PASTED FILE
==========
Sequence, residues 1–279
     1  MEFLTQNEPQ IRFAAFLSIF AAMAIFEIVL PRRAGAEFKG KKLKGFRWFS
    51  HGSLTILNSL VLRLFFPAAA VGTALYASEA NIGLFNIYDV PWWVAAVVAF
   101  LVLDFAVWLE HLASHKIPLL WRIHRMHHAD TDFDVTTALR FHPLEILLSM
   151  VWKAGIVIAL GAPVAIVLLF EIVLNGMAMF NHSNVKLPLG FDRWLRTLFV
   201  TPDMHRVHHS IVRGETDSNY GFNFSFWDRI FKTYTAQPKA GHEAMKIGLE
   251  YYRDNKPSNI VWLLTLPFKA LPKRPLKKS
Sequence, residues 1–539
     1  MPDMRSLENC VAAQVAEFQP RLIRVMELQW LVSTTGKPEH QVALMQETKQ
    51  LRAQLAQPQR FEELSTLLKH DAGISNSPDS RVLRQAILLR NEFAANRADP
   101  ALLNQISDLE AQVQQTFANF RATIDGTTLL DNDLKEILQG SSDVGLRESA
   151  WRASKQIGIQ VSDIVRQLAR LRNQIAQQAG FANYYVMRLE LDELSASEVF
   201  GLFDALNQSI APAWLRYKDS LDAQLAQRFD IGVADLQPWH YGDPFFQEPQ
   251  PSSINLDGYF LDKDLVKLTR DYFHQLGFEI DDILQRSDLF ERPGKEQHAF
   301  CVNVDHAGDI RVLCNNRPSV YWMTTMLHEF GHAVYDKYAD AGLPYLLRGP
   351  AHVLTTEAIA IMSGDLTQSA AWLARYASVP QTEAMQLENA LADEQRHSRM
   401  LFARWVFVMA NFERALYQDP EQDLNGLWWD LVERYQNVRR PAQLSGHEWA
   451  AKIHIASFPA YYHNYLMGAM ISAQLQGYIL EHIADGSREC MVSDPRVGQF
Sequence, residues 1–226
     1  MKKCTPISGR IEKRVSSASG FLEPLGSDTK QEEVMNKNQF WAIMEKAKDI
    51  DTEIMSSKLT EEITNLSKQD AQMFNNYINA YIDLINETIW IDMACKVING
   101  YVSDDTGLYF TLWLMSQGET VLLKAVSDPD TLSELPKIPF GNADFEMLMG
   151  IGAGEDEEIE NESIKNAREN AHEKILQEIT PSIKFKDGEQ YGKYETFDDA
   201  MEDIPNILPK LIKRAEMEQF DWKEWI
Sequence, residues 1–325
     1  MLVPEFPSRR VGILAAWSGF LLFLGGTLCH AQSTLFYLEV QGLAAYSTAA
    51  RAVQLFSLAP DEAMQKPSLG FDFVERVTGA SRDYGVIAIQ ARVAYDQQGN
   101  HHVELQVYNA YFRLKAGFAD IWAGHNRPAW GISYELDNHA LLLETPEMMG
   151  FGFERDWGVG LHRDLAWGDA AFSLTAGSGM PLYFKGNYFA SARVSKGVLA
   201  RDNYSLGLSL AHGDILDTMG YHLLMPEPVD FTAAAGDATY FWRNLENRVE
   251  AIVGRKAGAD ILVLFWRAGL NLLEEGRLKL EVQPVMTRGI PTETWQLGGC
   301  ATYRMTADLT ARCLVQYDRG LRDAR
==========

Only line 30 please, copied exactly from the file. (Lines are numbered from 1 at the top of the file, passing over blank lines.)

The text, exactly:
   201  RDNYSLGLSL AHGDILDTMG YHLLMPEPVD FTAAAGDATY FWRNLENRVE